What makes that image look good? Is it the background? The details? The characters? Sure, those do make an image look nice and pleasing to look at. And it does depend on what you’re dealing with as well. If you’re presenting a 3D model, you may have nice textures, interesting shapes, nice flow… whatever it may be the image looks good based on attributes. But let’s say you’re dealing characters in a scene. So what do you do? You try to fit that character within the scenery and you follow common attributes such as lighting, perspective, color… so on. But what really adds to everything is the atmosphere. It’s the extra touch that really really kicks that image from “boring” to “amazing.”
Now, when I say atmosphere, I don’t mean just things like fog, clouds, sky, or just stuff like that. Yes, they’re atmosphere but the atmosphere I’m talking about deals with creating and giving the scene weight, meaning, and spacial context. It’s “color grading” or “color correction” as some people call it, but there’s a bit more when adding atmosphere and I want to discuss that.
So this blog post isn’t really a tutorial, but it shows what I’ve been doing for my thesis film “The Door to Tomorrow.”
Let me give you an example of what “atmosphere” is about. First, here’s a frame from my up-coming film “The Door to Tomorrow.” I received a file from my animator, Robyn Stanford, who animated the characters you see here. The background is by me.
No filtering, just straight compositing
Now some people consider this done. Not in my world. Given the background, the characters here aren’t shaded properly which makes them just float right on top of the background. Ok, the easy way to fix this is to add some form of shading. Fortunately this task is slightly easier for me given that the characters are just flat, 2D shapes in 3D space. All I have to do is add a gradient. Of course, I can go very fancy, but time doesn’t permit me. Now if you have human characters or anything else, you’ll have to work on shadows and that’s a different story. For now, we’ll just keep it simple.
Some moody shading here
So now it’s somewhat obeying the mood of the shot. The light here passes from right to left so I gave the characters a simple gradient (ramp in After Effects.) Not too bad but it needs more. Let’s add some shadows.
Very simple shadows
Now the two characters are interacting with the background a bit more. The shadows here aren’t fancy shadows, and while I would appreciate a realistic shadow, I don’t have time for that. So I came up with a quick way to produce rough shadows. I first duplicated the character layer, then using “Colorama” filter (otherwise I could have used an inverted alpha channel) and turned everything black. I then offset the layer to the left just a tad bit and added directional blu which makes it look like it’s fading by the distance. Very simple but it works in this case.
Next, I created an adjustment layer with more gradients to add further sense of lighting. The overall image looks dimmer now, but we’ll get to fixing that later.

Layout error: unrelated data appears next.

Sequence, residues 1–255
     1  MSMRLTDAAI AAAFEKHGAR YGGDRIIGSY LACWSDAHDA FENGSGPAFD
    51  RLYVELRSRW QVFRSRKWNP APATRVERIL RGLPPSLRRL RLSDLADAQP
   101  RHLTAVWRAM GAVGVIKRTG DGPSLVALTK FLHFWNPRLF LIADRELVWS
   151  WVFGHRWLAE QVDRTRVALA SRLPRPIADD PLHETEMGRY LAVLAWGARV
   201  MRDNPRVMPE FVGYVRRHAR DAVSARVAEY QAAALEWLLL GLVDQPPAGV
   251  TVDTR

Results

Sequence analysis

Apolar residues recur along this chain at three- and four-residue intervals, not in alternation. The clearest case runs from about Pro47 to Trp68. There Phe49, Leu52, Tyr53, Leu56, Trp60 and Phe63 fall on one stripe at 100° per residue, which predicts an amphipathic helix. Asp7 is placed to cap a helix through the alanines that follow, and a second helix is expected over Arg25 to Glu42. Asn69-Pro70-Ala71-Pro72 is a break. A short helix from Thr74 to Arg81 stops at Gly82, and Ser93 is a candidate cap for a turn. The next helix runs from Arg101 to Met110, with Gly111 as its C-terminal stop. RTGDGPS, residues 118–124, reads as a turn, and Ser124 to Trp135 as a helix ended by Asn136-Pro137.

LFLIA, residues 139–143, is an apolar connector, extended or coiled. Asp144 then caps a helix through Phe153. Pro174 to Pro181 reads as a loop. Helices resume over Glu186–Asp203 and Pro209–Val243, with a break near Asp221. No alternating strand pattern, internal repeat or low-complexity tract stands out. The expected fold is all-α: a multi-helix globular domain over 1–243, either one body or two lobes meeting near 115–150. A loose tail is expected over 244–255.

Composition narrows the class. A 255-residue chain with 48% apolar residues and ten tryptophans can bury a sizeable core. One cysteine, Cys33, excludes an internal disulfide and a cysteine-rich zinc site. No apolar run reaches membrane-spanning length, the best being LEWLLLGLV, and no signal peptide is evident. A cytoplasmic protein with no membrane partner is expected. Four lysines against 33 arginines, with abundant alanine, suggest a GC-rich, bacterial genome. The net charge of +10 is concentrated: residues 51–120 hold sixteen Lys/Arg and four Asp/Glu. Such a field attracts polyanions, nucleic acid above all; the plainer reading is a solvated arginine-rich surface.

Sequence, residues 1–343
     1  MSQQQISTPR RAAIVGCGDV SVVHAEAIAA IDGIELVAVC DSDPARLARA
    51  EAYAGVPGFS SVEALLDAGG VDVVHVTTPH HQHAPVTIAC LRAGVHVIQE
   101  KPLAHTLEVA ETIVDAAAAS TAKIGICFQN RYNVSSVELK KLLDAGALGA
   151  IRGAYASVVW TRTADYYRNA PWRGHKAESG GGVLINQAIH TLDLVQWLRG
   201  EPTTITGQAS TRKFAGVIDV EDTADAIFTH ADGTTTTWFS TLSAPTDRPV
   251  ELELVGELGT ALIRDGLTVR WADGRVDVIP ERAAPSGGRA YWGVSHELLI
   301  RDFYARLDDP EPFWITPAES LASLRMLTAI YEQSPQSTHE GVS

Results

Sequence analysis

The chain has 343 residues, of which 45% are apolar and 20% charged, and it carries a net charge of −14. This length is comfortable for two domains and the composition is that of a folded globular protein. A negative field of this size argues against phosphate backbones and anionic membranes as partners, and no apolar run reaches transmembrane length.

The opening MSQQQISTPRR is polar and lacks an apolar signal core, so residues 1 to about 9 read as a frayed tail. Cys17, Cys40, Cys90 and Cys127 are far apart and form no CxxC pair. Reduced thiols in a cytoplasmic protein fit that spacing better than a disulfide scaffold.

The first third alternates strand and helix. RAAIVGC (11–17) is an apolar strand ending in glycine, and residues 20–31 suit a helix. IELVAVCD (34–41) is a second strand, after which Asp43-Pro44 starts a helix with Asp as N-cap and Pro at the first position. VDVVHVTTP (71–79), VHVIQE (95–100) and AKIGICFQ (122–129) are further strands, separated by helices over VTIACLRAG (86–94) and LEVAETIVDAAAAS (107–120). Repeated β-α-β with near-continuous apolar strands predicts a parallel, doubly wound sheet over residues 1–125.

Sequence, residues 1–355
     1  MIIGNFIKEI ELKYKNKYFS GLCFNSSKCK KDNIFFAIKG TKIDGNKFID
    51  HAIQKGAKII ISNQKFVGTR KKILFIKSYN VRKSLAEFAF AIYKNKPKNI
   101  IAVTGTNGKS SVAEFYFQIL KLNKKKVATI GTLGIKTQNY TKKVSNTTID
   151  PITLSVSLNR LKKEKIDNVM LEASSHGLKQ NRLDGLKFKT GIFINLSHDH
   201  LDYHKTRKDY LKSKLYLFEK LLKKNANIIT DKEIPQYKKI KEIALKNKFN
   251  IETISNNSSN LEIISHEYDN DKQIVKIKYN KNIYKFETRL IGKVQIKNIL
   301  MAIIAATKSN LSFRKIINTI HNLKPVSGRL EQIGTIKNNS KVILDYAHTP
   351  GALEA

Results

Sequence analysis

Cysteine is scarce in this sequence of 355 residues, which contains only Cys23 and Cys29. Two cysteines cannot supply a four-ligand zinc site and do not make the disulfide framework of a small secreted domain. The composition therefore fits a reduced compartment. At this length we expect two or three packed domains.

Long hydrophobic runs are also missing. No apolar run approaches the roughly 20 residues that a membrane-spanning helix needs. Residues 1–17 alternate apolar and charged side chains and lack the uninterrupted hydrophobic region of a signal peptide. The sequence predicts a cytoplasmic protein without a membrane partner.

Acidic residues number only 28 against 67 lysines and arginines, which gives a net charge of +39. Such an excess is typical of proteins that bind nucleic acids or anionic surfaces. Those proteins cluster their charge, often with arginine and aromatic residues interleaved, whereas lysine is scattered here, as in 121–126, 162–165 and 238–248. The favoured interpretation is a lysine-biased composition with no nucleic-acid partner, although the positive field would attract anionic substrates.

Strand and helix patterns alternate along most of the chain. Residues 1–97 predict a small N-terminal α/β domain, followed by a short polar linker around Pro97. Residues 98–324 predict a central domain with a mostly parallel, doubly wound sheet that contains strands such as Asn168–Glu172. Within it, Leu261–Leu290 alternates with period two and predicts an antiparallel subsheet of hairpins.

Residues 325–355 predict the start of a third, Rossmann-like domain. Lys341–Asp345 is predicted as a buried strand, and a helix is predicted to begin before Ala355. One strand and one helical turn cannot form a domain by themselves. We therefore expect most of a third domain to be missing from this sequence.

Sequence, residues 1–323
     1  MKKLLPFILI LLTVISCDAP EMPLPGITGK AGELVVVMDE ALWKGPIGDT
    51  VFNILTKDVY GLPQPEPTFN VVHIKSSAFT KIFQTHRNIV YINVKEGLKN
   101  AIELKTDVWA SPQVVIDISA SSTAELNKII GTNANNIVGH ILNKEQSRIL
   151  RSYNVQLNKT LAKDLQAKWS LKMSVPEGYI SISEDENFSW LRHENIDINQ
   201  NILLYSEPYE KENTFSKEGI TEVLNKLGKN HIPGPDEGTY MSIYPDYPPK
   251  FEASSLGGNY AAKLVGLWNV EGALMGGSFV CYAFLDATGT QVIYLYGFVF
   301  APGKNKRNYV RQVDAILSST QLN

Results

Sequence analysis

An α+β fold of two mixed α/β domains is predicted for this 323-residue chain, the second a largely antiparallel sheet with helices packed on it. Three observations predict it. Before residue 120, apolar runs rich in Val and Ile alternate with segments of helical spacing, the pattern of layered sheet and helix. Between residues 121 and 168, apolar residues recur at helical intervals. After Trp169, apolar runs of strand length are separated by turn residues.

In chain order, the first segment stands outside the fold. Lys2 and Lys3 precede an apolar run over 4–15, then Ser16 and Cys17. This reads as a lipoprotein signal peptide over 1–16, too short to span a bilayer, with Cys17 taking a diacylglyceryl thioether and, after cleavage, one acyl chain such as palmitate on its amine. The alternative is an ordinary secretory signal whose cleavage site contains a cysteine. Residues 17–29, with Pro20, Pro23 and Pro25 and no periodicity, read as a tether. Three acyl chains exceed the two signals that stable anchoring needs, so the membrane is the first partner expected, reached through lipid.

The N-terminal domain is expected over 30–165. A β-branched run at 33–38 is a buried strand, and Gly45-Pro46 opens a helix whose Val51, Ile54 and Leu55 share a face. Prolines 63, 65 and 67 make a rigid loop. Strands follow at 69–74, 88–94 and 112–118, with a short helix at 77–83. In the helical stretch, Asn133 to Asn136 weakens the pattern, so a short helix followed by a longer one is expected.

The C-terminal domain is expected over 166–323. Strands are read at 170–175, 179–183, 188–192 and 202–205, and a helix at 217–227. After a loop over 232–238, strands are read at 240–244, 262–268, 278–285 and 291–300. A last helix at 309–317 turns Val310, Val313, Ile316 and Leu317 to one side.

Mood, it's very important.
This part of the film isn’t the happiest moment. Apex (the blue square) tells his friend Arc (the green circle) that he is terminally ill, given that Arc attempts to provide him some comfort. Given the weight of the moment, I felt adding the gradient helps extenuate not only the lighting, but the mood of the shot.
Ok, let’s fix the ultra dimness. Some people would stop here saying it’s “good enough” but of course it’s not! It just looks dimmer and while it does feel appropriate, it doesn’t appeal. To fix that, I added a glow.
Glow really helps. I mean it. It kicks up highlights, blends background colors with foreground colors, and it really adds that “atmosphere” to the scene.
This scene was meant to also be during a sunny, warm evening. So to give it further feeling of time, we’ll do some color grading.
Yup. I'm done here.
Now, you have a sense of time for the shot. The super yellow highlight on the right hand side of Apex does bug me a little, but it’s not such a huge issue.
So we went from just flat… to moody. I generally apply several layers of filters to accomplish the look I want. Given the full scope of the film, it’s important to note the flow and continuity of color and style. This is where color charts and schemes become very very useful. Of course, if you’re doing this independently, you may have already picked up on the style you’re going for so maybe you don’t need schemes and color charts, but you should save presets of color grading chains to help yourself save some time.
I always see people who just apply curves to give the image more contrast (or less.) That’s a good start, and depending on what you’re thinking of you may not need more. But of course, it’s also a good thing to push further and punch the look and feel for the work you’re doing.
Adding that extra touch of color is what makes the image or film powerful. We’re not just talking about “making stuff look good” we’re talking about telling the story through color, lighting, atmosphere… framing… everything.